The clinic emphasizes specialist training and development for all staff because unlike the pediatric specialty, for example, adolescence as a medical or psychological speciality is underdeveloped. The WhizzKids United Health Academy aims to address the specific issues of HIV care and prevention for this particular age group and to date specialist training has focused on topics such as psychological stages of development, advanced counseling skills with adolescents, the use of motivational interviewing techniques to address issues of adherence, counseling for sexual behavior change and the particular developmental challenges for young people who are already HIV+. Training sessions have been held in the morning when the young people are at school and the approach has been a mixture of teaching, role plays and group discussion. The staff have embraced the sessions enthusiastically and have brought many of their clinical issues for consideration and discussion. The interface of HIV, poverty and deprivation and the threat of, or actual sexual violence present huge challenges for the Health Academy staff but they face these issues with a mixture of skill, determination to make a difference and good humour. However, in the face of such difficulty staff burnout is a real concern and mechanisms require development to ensure that well trained staff are supported to carry out this vital work.
The scale of the HIV epidemic in South Africa amongst young people is enormous but the model of psychosocial care developed by the WhizzKids Health Academy is one which can be replicated across the country. Skills already exist within the South African health and NGO communities to further develop and deliver this approach. However, the biggest challenge faced by both organizations and staff members is adapting to a youth centred clinical focus. Adolescents are neither children nor mini adults and the pace of physical, emotional and cognitive change during this period of life requires that HIV programmes adapt to meet their specific needs. WhizzKids Health Academy is a beacon of hope and expertise with regards to what CAN be achieved by innovation, flexibility and the will to make a difference to the lives of South Africa's young people.
Monday began bright and early with the alarm ringing at 4:15am. The day started with a drive to pick up Siphelele (a Life Skills Trainer) in Umlazi and Zanele (an office employee) near Kwa-Mashu. Then we embarked on a long drive up to Jozini. We made the trip to Jozini to run 2 tournaments in 2 days before returning to Durban for the World AIDS Day Tournament being held at the office.
Monday and Tuesday's tournaments were great learning experiences for not only myself but also Sizwe and Thabane (two Life Skills Trainers from Jozini) as it was their first 2 days of tournaments they had to run with WhizzKids United. It was such a pleasure to travel to Jozini with Siphelele, not only because it was his first time to such a rural area but also because he was able to use his experience in running tournaments to help our Jozini Trainers. After two long days of tournaments and several hundred post-questionnaires completed we made the 4 hour drive back to Durban!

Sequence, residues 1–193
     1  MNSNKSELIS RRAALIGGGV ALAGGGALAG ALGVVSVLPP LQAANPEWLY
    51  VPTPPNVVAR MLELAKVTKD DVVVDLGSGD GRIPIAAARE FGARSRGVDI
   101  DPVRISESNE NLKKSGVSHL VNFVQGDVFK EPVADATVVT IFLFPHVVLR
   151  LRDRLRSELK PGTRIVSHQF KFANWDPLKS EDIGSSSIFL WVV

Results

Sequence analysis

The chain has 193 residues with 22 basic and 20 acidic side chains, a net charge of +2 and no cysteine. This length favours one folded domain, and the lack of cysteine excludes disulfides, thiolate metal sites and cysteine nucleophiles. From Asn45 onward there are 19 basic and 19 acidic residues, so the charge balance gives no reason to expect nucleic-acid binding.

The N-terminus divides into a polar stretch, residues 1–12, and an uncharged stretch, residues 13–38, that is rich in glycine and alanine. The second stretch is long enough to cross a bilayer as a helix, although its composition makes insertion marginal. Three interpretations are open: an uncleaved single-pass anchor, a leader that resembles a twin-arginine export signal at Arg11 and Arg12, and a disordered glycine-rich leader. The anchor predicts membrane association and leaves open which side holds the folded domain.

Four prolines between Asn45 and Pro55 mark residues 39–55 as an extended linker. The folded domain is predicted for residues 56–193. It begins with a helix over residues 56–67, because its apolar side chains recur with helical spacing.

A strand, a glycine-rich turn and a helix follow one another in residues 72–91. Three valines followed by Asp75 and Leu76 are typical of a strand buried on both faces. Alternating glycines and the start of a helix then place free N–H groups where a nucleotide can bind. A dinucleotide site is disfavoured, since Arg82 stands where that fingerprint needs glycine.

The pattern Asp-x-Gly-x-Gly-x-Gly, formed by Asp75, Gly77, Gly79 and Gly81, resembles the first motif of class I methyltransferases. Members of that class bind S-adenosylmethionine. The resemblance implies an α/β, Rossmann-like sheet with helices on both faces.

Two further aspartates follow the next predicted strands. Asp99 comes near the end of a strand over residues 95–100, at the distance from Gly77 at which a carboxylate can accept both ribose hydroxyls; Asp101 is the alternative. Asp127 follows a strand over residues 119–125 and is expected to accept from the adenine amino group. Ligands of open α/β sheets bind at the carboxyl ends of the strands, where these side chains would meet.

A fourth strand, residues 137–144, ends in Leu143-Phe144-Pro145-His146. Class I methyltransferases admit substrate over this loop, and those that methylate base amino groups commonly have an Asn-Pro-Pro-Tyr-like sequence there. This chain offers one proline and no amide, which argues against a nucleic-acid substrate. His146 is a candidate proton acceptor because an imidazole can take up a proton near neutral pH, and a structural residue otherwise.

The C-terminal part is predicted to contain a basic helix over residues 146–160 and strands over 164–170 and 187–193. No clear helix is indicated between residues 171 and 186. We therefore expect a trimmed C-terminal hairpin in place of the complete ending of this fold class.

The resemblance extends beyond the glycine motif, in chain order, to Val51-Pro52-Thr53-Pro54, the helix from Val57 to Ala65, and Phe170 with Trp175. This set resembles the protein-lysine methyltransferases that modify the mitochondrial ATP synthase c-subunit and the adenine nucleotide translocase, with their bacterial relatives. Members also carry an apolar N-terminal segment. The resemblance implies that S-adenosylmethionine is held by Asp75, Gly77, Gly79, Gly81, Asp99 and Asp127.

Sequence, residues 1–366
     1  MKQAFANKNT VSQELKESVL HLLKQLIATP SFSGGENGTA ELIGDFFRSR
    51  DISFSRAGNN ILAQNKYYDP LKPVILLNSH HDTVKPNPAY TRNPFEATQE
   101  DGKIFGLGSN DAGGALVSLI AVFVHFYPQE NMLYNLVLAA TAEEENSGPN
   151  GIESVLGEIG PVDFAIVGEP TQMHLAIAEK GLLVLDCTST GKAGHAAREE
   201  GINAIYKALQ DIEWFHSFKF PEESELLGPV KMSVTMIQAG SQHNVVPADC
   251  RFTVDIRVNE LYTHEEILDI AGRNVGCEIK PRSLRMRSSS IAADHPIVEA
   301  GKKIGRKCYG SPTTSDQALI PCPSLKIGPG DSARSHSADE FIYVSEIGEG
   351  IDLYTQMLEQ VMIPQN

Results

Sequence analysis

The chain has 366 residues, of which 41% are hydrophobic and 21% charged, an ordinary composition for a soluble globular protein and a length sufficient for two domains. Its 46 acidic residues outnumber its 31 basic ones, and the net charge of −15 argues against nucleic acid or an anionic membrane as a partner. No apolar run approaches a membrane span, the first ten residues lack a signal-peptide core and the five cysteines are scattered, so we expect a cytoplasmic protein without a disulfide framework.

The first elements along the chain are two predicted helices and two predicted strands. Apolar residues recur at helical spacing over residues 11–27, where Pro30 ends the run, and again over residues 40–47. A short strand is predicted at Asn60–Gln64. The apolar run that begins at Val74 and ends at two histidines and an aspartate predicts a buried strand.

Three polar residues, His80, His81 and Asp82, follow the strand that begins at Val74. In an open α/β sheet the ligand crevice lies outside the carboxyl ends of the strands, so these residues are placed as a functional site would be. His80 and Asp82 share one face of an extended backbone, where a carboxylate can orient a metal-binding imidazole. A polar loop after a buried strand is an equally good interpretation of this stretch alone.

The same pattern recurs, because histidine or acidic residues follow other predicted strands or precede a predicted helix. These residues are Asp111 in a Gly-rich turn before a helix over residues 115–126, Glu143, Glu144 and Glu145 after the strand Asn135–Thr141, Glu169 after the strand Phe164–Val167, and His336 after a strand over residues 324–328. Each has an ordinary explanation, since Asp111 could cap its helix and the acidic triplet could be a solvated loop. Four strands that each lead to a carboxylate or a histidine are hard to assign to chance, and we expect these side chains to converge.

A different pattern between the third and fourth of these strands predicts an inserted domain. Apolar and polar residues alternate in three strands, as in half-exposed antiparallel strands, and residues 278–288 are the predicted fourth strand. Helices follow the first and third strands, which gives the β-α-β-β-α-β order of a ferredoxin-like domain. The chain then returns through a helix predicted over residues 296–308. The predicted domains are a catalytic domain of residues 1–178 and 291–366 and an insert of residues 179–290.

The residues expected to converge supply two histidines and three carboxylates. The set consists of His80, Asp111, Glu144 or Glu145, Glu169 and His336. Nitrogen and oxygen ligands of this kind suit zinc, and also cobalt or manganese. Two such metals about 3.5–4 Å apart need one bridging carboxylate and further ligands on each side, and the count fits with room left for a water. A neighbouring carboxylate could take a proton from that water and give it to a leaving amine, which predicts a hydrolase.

Wednesday, as I am sure you know, was International World AIDS Day! We at WhizzKids United had planned for a World Cup style tournament with some of our partners and also other corporate companies. The event was a fundraiser for WhizzKids United and a great chance to enlighten other companies of the work that we do, but in an enjoyable way! Michael and myself were booted off the WhizzKids Team and ended up playing with an all-girls high school in Durban, called our Lady of Fatima. We represented Portugal, and quickly made Portugal proud. We made it to the semi-finals of the tournament before losing in a hard faught battle to Spain. The day was a huge success and a very enjoyable tournament for everyone who took part but most of all it was a great way to spread the word of HIV/AIDS, and the work we are doing here at WhizzKids United.
After a long day of work on Wednesday and a late night cleaning up after the tournament, Thursday morning started at 4:00am when the alarm rang! Michael and I were on our way back to Jozini to run another tournament all day before driving back to Durban in the evening.The tournament on Thursday was the best tournament I have seen so far!!! The school we were working in , Bhekindoda Primary School, had closed for the day and all the students were out enjoying the tournament that was taking place. The teachers and the other students all got behind their fellow students and cheered England to victory. After a fantastic day of play and over 280 hotdogs handed out to feed the children at the school, we were on our way back to Durban, just in time for dinner!
As I am sure you can tell it has been a really tough week for me, running 4 tournaments in 4 days and travelling over 16 hours this week, I really think I have earned my weekend!